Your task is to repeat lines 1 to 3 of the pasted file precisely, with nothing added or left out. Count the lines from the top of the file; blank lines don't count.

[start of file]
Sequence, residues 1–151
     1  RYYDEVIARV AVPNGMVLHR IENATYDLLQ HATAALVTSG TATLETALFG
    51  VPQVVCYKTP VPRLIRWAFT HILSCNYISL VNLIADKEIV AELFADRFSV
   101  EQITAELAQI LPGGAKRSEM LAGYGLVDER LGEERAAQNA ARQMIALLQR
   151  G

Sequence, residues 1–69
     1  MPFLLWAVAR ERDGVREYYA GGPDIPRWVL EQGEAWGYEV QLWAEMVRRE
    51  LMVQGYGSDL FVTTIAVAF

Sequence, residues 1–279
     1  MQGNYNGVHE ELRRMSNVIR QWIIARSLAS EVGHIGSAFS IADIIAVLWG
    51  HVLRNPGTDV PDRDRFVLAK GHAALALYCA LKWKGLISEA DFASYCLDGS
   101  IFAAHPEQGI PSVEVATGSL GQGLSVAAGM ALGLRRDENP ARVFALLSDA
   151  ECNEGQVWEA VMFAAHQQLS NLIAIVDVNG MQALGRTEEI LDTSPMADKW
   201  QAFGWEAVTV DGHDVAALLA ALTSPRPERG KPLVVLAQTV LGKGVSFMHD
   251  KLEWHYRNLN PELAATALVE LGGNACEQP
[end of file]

Sequence, residues 1–151
     1  RYYDEVIARV AVPNGMVLHR IENATYDLLQ HATAALVTSG TATLETALFG
    51  VPQVVCYKTP VPRLIRWAFT HILSCNYISL VNLIADKEIV AELFADRFSV